Science diplomacy takes many forms: When nations come together to negotiate cooperative agreements on fisheries management or infectious disease monitoring, they need scientific expertise. When scientists come together for complex multi-national projects in astronomy or physics, their nations devise diplomatic agreements on management and financing. And when political relations between two nations are strained or broken, joint research efforts can give them a way to keep talking – and to build trust. Today, the need for science diplomacy is growing. In collaboration with the American Association for the Advancement of Science (AAAS), TWAS is leading a programme that includes lectures, workshops, courses and prizes to build a bridge between the worlds of science and diplomacy.
Call for applications: BA-TWAS-AAAS Regional Workshop on Science Diplomacy
The Bibliotheca Alexandrina (BA) through the Center for Special Studies and Programs (CSSP), The World Academy of Sciences for the Advancement of Science in Developing Countries’ Arab Regional Partner (TWAS-AREP) and the American Association for the Advancement of Science (AAAS) are seeking candidates to participate in the regional workshop on science diplomacy, that will be held on 17-21 June 2019 in Bibliotheca Alexandrina, Alexandria, Egypt.
The workshop is the second among a series of courses within specific regions, launched by AAAS and TWAS, to better address relevant regional science diplomacy issues.
This workshop is designed for young Arab scientists (below the age of 40) living and working in the Arab Region, whose research and wider engagement have brought them into the international policy-making arena, as well as policymakers and diplomats interested in some of the central science-based themes that might influence their work, in addition to representatives from NGOs and other sectors working at the science-diplomacy interface. Alumni will join a global network of young leaders and innovators reaching across borders to address societal challenges and become agents of change in their countries and sectors.
Special consideration will be given to applications from refugee young Arab young scientists who come from countries suffering from war but may be living in other countries.
The completed application should be submitted via the online system which is accessible HERE
Deadline to apply - 17 March 2019.
For any inquiries, please contact:
Ms. Israa Elfayoumi
Head, Researchers' Support and Development Unit
Scientific Activities Section
Center for Special Studies & Programs (CSSP)
Academic Research Sector
Library of Alexandria
Tel: +203 483 9999 Ext: 6142
Fax:+203 482 0469
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A TWAS Newsletter special report on scientists displaced by war and conflict included an unprecedented in-depth analysis on the number of such researchers globally. That number may not be clear-cut, but figures from organizations dedicated to helping scientists forced to flee their home contries provide enough information for a broad estimate of the scope of the problem.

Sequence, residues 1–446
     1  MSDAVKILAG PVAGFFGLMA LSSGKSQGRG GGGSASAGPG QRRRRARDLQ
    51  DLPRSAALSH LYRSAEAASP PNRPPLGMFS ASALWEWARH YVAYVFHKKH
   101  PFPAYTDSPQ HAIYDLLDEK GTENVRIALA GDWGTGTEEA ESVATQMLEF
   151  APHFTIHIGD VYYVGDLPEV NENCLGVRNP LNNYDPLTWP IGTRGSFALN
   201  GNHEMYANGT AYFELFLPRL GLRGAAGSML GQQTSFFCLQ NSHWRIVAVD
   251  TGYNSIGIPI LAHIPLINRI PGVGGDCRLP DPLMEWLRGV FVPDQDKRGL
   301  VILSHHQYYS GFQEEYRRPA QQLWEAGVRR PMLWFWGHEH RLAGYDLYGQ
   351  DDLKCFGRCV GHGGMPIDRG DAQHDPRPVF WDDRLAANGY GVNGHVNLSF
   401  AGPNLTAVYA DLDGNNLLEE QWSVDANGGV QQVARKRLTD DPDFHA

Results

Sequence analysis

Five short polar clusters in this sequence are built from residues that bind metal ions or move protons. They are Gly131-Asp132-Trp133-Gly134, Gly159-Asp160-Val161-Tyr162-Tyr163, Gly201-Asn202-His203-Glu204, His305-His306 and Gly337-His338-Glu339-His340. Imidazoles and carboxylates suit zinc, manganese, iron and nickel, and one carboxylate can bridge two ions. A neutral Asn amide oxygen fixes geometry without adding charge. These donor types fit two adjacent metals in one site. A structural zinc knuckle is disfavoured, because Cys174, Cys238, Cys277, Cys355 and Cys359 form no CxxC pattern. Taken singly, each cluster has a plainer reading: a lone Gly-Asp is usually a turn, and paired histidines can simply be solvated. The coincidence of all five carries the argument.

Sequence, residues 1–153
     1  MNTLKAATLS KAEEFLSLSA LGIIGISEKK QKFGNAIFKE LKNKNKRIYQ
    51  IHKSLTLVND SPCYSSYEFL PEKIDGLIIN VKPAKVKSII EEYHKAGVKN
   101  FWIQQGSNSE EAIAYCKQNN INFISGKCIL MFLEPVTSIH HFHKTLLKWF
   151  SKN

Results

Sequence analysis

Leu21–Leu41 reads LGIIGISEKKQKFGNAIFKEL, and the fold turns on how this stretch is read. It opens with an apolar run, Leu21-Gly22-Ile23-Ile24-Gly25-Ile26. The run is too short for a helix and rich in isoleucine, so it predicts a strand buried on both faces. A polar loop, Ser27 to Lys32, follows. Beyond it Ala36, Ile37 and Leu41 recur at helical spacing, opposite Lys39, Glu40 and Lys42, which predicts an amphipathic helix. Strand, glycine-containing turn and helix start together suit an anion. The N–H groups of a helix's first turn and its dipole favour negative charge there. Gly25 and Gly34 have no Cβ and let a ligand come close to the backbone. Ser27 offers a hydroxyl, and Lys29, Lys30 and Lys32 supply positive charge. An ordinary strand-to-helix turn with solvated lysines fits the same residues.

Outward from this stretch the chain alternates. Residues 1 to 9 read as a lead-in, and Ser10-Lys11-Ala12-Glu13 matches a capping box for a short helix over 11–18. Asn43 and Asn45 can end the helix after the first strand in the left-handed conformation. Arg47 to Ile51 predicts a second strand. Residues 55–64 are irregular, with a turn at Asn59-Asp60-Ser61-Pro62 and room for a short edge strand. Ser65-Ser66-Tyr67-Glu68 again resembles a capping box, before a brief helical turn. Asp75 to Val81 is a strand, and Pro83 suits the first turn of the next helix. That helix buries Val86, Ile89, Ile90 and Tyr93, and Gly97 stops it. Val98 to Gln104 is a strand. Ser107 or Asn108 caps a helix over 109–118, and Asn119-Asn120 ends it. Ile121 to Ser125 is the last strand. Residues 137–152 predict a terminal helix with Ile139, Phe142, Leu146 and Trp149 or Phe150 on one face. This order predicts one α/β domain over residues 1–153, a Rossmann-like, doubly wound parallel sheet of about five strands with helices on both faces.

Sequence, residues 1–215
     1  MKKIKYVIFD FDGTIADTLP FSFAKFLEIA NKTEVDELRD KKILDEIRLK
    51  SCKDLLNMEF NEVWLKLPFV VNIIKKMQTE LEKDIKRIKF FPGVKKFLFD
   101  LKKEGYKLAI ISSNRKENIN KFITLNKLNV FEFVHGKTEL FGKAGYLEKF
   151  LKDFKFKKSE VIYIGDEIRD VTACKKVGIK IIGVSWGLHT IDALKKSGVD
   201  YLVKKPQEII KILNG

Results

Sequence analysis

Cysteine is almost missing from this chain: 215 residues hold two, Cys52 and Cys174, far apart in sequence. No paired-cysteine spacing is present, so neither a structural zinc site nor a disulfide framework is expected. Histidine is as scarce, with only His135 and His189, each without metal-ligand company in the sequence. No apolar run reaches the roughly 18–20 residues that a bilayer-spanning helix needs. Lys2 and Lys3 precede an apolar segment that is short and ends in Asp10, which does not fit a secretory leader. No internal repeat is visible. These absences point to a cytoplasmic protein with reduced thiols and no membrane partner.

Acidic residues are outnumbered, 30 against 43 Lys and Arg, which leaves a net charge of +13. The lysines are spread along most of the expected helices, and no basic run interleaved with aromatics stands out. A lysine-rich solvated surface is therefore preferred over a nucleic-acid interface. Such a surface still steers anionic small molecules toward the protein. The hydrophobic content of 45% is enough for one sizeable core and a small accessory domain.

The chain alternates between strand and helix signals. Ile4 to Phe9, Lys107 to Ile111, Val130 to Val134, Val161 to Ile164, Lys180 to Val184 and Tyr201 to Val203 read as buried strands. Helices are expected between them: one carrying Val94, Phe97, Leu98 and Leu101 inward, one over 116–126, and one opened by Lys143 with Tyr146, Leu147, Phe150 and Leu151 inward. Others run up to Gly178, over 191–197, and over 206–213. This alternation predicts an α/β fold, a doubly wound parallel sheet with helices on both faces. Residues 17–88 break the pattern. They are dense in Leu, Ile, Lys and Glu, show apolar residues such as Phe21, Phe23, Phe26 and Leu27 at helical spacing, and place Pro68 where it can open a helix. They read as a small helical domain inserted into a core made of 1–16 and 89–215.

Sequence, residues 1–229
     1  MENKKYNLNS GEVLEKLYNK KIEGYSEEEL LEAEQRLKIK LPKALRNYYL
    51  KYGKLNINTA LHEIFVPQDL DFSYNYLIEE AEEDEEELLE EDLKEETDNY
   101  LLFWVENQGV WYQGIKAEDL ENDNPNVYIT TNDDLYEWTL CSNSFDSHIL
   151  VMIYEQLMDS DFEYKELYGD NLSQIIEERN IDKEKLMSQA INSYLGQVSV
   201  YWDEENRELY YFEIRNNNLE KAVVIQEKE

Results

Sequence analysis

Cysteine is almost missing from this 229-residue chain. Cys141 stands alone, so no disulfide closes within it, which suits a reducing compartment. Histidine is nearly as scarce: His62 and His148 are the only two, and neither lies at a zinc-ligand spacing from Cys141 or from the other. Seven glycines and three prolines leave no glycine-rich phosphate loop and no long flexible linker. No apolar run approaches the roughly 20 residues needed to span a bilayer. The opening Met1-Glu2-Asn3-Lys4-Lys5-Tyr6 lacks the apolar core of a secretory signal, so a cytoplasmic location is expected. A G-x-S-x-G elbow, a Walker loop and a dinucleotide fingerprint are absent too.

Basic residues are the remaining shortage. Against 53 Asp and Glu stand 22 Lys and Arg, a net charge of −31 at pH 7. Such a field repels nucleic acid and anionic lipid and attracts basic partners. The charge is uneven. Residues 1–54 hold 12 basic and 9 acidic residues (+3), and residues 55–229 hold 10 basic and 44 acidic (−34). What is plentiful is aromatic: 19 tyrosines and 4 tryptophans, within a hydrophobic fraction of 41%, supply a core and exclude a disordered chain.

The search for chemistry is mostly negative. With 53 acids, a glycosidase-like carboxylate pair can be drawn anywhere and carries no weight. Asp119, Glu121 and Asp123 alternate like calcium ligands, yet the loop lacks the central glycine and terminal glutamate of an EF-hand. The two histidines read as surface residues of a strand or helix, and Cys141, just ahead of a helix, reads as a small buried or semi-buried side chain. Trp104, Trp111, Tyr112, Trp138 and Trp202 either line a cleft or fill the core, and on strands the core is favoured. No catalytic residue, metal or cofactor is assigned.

The TWAS science diplomacy programme and the InterAcademy Partnership (IAP) collaborated to host the workshop "Policy and Diplomacy for Scientists: Introduction to responsible research practices in chemical and biochemical sciences" in Trieste, Italy. The event explored dilemmas and challenges in doing research responsibly, and bridging the science-policy divide. drew over 30 researchers from across the developed and developing world to discuss the complicated and sometimes daunting ways that chemistry and ethical concerns can intermingle.
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In a filmed interview, Greene says the atoll nation's future must be science: conservation, resilient ocean ecosystems, floating islands – and even a new concept: an "aqueous nation".
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- Workshop “Policy and Diplomacy for Scientists: Introduction to Responsible Research Practices in Chemical and Biochemical Sciences”
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Sir Peter Gluckman is chief science adviser to the Prime Minister of New Zealand and head of the International Network for Science Advice to Governments. In his lecture, titled 'Science Diplomacy: Opportunities and Challenges as seen through a Small-Country Lens', he discussed how New Zealand achieving global influence at the interface of S&T and diplomacy – and other small nations can do the same. You can find a video of the lecture here.
Manju Sharma, former Secretary of the Department of Biotechnology within the Indian Ministry of Science and Technology, discussed 'Biotechnology development and applications for developing countries'. Watch the video.
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For an engaging review of ideas and issues, read Science & Diplomacy, a journal published quarterly by AAAS, the American Association for the Advancement of Science.